In mathematics, in particular in the theory of modular forms, a Hecke operator, studied by Hecke (1937), is a certain kind of "averaging" operator that plays a significant role in the structure of vector spaces of modular forms and more general automorphic representations.
Mordell (1917) used Hecke operators on modular forms in a paper on the special cusp form of Ramanujan, ahead of the general theory given by Hecke (1937). Mordell proved that the Ramanujan tau function, expressing the coefficients of the Ramanujan form,
is a multiplicative function:
Hecke operators can be realized in a number of contexts. The simplest meaning is combinatorial, namely as taking for a given integer n some function f(Λ) defined on the lattices of fixed rank to
with the sum taken over all the Λ′ that are subgroups of Λ of index n. For example, with n=2 and two dimensions, there are three such Λ′. Modular forms are particular kinds of functions of a lattice, subject to conditions making them analytic functions and homogeneous with respect to homotheties, as well as moderate growth at infinity; these conditions are preserved by the summation, and so Hecke operators preserve the space of modular forms of a given weight.
where z is in the upper half-plane and the normalization constant mk−1 assures that the image of a form with integer Fourier coefficients has integer Fourier coefficients. This can be rewritten in the form
which leads to the formula for the Fourier coefficients of Tm(f(z)) = ∑ bnqn in terms of the Fourier coefficients of f(z) = ∑ anqn:
One can see from this explicit formula that Hecke operators with different indices commute and that if a0 = 0 then b0 = 0, so the subspace Sk of cusp forms of weight k is preserved by the Hecke operators. If a (non-zero) cusp form f is a simultaneous eigenform of all Hecke operators Tm with eigenvalues λm then am = λma1 and a1 ≠ 0. Hecke eigenforms are normalized so that a1 = 1, then
Thus for normalized cuspidal Hecke eigenforms of integer weight, their Fourier coefficients coincide with their Hecke eigenvalues.
Algebras of Hecke operators are called Hecke algebras, and are commutative rings. Other, related, mathematical rings are called Hecke algebras, although the link to Hecke operators is not entirely obvious. These algebras include certain quotients of the group algebras of braid groups. The presence of this commutative operator algebra plays a significant role in the harmonic analysis of modular forms and generalisations. In the classical elliptic modular form theory, the Hecke operators Tn with n coprime to the level acting on the space of cusp forms of a given weight are self-adjoint with respect to the Petersson inner product. Therefore, the spectral theorem implies that there is a basis of modular forms that are eigenfunctions for these Hecke operators. Each of these basic forms possesses an Euler product. More precisely, its Mellin transform is the Dirichlet series that has Euler products with the local factor for each prime p is the inverse[clarification needed] of the Hecke polynomial, a quadratic polynomial in p−s. In the case treated by Mordell, the space of cusp forms of weight 12 with respect to the full modular group is one-dimensional. It follows that the Ramanujan form has an Euler product and establishes the multiplicativity of τ(n).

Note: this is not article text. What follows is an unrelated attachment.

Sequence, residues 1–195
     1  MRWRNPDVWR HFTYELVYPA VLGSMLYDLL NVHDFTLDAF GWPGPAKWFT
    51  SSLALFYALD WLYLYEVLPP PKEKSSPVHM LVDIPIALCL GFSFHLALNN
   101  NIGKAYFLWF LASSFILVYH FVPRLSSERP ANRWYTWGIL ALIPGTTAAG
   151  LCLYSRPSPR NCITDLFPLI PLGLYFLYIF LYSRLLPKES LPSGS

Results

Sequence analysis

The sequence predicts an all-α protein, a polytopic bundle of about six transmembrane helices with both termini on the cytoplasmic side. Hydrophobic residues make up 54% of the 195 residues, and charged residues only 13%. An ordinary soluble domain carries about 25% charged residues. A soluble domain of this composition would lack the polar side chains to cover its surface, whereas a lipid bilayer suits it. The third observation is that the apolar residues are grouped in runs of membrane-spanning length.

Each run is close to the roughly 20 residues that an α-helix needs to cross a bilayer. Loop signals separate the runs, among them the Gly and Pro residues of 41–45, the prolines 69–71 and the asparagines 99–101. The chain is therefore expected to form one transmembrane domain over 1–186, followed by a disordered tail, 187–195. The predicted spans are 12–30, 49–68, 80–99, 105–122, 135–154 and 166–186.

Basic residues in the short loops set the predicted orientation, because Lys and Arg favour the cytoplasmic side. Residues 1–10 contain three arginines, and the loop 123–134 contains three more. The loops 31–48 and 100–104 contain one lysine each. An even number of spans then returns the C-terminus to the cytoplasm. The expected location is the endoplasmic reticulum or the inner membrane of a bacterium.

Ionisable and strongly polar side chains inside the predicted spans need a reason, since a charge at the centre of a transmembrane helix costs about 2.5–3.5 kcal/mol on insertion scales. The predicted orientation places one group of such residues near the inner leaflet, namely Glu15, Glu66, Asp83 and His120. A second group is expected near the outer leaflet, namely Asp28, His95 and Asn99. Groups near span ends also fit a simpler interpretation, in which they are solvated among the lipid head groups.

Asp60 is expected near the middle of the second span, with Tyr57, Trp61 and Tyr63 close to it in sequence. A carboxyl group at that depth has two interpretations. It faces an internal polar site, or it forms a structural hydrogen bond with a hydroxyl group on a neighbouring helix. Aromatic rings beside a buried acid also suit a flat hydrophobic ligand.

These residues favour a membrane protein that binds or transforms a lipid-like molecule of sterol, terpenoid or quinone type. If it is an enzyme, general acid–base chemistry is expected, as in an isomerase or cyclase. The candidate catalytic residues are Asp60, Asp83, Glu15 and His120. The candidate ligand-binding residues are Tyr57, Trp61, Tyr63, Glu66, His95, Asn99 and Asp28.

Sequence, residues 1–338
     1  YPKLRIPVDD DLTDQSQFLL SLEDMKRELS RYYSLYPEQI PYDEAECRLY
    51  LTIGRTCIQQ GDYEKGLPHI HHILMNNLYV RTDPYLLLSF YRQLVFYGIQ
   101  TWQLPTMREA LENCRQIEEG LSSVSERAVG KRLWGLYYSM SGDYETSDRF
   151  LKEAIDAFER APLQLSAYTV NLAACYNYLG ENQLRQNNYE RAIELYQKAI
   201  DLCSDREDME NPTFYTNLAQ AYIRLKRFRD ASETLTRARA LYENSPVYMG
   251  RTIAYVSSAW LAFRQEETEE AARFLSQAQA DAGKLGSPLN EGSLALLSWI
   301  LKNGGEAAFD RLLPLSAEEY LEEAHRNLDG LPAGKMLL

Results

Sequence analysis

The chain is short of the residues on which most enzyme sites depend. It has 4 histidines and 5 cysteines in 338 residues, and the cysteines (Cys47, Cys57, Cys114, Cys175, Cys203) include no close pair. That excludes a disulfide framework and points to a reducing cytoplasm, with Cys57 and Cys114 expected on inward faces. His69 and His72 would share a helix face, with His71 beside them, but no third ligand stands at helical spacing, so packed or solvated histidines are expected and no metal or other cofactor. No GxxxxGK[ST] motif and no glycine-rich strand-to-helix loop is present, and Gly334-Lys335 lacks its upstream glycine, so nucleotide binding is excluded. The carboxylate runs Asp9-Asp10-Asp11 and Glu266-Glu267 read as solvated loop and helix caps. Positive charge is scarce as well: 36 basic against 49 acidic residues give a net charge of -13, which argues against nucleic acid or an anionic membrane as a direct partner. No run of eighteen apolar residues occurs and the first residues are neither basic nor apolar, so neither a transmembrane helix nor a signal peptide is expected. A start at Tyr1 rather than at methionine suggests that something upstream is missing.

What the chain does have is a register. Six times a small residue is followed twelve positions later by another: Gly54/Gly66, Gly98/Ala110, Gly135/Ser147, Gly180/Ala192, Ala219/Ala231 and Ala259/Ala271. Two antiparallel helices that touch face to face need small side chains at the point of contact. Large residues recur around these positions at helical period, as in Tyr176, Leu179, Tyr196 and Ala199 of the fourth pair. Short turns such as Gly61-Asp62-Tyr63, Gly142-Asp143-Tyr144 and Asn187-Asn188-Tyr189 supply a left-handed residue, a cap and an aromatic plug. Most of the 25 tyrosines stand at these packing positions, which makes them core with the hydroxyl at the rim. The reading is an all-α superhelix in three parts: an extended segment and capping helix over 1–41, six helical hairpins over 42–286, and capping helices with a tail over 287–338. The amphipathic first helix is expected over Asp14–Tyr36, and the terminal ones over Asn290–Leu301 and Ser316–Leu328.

- Apostol, Tom M. (1990), Modular functions and Dirichlet series in number theory (2nd ed.), Berlin, New York: Springer-Verlag, ISBN 978-0-387-97127-8 (See chapter 8.)
- Hazewinkel, Michiel, ed. (2001), "Hecke operator", Encyclopedia of Mathematics, Springer, ISBN 978-1-55608-010-4
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- Mordell, Louis J. (1917), "On Mr. Ramanujan's empirical expansions of modular functions.", Proceedings of the Cambridge Philosophical Society, 19: 117–124, JFM 46.0605.01
- Jean-Pierre Serre, A course in arithmetic.
- Don Zagier, Elliptic Modular Forms and Their Applications, in The 1-2-3 of Modular Forms, Universitext, Springer, 2008 ISBN 978-3-540-74117-6